This post may contain affiliate links. For more info on this, visit my disclosure page. Thank you for your support in this way!

Small Great Things Back-of-Book Description

Ruth Jefferson is a labor and delivery nurse at a Connecticut hospital with more than twenty years’ experience. During her shift, Ruth begins a routine checkup on a newborn, only to be told a few minutes later that she’s been reassigned to another patient. The parents are white supremacists and don’t want Ruth, who is African American, to touch their child. The hospital complies with their request, but the next day, the baby goes into cardiac distress while Ruth is alone in the nursery. Does she obey orders or does she intervene?


Ruth hesitates before performing CPR and, as a result, is charged with a serious crime. Kennedy McQuarrie, a white public defender, takes her case but gives unexpected advice: Kennedy insists that mentioning race in the courtroom is not a winning strategy. Conflicted by Kennedy’s counsel, Ruth tries to keep life as normal as possible for her family—especially her teenage son—as the case becomes a media sensation. As the trial moves forward, Ruth and Kennedy must gain each other’s trust, and come to see that what they’ve been taught their whole lives about others—and themselves—might be wrong.


With incredible empathy, intelligence, and candor, Jodi Picoult tackles race, privilege, prejudice, justice, and compassion—and doesn’t offer easy answers. Small Great Things is a remarkable achievement from a writer at the top of her game.


My Thoughts

It should be no secret to anyone by now that I am a true Jodi Picoult fan. I have and will continue to buy her books without even knowing what they’re about beforehand.

Such was the case with Small Great Things. I ordered it right when it was available for purchase – sometime in 2017 – but because of life and stuff, just didn’t start reading it until February of this year.

Guys. This book is so amazing and important. Not only does Jodi Picoult deliver her impactful and infallible writing style that we all love, she does it with a topic that really matters and resonates with people right now (especially in America) – Race.

As a white woman, I’m not going to pretend to know anything about the way people of color experience racism in their lives. But I feel completely confident that she captured the emotional struggle of feeling “other” or like no one around you knows what you’re going through.

She articulated the struggles that I imagine most of us feel when we aren’t sure of the right way to approach a topic; the uncertainty that comes with navigating interactions with people who are different than you.

Small Great Things is a wonderfully written reminder that the world is full of people with different viewpoints. Sometimes those differences are for the better and you can learn new things. And sometimes those differences are awful and you see the ugliness that lives within some people.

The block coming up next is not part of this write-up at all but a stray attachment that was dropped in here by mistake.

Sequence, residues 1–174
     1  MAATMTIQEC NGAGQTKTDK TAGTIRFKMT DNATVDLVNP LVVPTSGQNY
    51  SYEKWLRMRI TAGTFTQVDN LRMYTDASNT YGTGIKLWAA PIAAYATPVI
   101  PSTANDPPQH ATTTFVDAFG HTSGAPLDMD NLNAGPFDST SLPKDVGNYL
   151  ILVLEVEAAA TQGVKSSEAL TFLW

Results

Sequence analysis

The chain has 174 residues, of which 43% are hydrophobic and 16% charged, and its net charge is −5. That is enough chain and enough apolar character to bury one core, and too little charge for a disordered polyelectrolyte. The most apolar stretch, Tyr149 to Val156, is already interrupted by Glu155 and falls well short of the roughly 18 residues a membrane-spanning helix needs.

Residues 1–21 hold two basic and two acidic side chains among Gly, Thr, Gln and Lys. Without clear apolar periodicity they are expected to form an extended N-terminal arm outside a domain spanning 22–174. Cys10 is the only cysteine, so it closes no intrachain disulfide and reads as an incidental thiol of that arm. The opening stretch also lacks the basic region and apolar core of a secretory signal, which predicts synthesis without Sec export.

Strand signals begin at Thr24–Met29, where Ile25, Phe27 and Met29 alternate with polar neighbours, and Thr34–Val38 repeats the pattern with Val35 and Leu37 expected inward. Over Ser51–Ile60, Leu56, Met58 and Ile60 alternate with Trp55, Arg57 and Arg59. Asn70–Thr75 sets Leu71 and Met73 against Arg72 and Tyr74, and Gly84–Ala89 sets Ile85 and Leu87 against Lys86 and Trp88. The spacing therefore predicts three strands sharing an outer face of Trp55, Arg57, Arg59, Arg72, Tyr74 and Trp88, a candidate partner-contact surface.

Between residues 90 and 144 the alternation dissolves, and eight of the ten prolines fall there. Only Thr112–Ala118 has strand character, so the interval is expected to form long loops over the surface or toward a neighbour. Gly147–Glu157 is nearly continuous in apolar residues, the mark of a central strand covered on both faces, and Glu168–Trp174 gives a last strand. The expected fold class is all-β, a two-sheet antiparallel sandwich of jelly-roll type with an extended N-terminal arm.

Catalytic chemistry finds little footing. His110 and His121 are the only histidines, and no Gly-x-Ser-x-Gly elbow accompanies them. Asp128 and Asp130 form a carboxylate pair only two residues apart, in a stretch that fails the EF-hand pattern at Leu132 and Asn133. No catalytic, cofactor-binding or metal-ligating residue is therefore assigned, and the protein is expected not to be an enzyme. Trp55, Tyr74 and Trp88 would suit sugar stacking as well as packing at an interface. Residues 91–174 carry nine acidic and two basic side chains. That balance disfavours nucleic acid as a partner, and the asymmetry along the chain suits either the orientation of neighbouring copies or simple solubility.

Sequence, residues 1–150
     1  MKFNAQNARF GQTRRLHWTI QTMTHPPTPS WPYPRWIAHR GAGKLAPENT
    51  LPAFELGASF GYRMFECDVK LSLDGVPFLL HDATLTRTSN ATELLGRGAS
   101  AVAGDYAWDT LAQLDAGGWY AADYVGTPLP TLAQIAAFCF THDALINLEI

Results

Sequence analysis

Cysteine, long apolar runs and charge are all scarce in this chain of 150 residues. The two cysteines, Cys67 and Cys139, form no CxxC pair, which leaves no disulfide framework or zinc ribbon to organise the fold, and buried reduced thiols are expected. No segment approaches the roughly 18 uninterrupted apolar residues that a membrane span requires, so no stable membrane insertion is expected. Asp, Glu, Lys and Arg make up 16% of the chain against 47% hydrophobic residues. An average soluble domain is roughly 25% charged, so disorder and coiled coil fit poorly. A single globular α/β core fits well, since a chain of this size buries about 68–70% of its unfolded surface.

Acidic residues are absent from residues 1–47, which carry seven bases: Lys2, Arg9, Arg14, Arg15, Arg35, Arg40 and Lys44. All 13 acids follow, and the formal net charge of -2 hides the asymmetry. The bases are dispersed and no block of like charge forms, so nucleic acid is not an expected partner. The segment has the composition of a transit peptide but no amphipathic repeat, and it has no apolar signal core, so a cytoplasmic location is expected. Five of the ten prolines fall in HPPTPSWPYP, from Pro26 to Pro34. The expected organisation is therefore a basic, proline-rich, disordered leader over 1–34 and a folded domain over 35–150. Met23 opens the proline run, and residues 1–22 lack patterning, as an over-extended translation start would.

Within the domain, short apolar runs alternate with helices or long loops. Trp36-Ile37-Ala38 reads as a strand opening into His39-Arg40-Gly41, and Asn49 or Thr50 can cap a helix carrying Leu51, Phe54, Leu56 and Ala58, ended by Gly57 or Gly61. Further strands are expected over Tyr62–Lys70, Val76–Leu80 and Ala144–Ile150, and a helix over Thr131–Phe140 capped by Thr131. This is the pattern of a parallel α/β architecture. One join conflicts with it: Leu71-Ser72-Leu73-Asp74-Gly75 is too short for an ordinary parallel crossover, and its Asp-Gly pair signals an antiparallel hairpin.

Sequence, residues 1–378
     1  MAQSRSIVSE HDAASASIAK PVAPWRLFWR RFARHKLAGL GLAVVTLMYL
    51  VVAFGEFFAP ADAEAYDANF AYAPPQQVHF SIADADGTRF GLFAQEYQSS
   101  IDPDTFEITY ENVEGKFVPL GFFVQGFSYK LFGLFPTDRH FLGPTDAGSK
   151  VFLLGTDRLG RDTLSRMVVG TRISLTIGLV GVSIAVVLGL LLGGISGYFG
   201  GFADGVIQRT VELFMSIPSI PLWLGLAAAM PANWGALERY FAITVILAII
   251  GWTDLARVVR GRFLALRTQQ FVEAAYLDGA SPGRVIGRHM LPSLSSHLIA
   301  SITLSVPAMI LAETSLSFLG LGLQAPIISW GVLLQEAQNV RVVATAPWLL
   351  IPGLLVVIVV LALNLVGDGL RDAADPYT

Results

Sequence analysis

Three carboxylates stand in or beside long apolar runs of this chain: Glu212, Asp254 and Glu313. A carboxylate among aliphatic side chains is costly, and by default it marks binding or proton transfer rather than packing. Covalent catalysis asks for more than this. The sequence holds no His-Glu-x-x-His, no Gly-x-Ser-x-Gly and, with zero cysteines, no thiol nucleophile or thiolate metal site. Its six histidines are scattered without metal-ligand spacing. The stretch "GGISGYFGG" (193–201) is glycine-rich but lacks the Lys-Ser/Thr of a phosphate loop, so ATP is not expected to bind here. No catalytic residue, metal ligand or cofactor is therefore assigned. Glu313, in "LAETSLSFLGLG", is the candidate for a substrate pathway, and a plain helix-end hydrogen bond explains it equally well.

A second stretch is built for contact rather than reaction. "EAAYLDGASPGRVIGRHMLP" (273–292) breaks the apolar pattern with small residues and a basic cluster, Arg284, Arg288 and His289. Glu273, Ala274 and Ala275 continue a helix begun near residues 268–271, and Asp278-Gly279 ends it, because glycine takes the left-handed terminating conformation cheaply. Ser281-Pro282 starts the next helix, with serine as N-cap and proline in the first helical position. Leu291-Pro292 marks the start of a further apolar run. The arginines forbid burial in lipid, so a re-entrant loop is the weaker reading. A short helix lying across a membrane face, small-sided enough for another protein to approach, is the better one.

Picoult’s characters are real, rounded, and easy to either relate to or quickly remind you of someone. She puts you into their lives and ensures that you begin to care about them. Her settings are simple, commonplace, and perfect for picturing the scenes unfold.

Without giving too much away – you can pick this up knowing that it will draw you in quickly and keep you up at night wondering what will happen next. It will invade your thoughts by making you question your own feelings and behaviors in a way not many books do.

Favorite Quotes From Small Great Things

“There are just some feelings, I’ve learned, for which we never invented the right words.”


“What no one told me about grief is how lonely it is. No matter who else is mourning, you’re in your own little cell. Even when people try to comfort you, you’re aware that now there is a barrier between you and them, made of the horrible thing that happened, that keeps you isolated.” 


“Doubt is like frostbite, shivering at the edges of my mind.” 


“I couldn’t find it at first. And then, once I did, it was all I could see.” 


“Maybe however much you ‘ve loved someone, that’s how much you can hate. It’s like a pocket turned inside out. It stands to reason that the opposite should be true, too.” 


“At the heart of freedom, hope beats: a pulse of possibility.” 


In Conclusion

Small Great Things gets 5 out of 5 stars, friends. I loved it so much and I really believe it’s an important – albeit fiction – book for this day and age. Personally, I think a lot of people would benefit from reading the different perspectives put forth, and seeing the effects of some people’s actions on others – both loving actions, and hateful ones.

I would also really love to get a person of color’s response to this book – was she way off base? Was she spot on? Do you ever feel the way Ruth feels? So if you are and you’ve read it, please let me know what you think in the comments.

Thanks as always for reading! If you liked this review – or know someone who would – be sure to share it! Also consider pinning the quotes below to your fav Pintrest boards! 

This post was proofread by Grammarly

root, pub-8788340469212886, DIRECT, f08c47fec0942fa0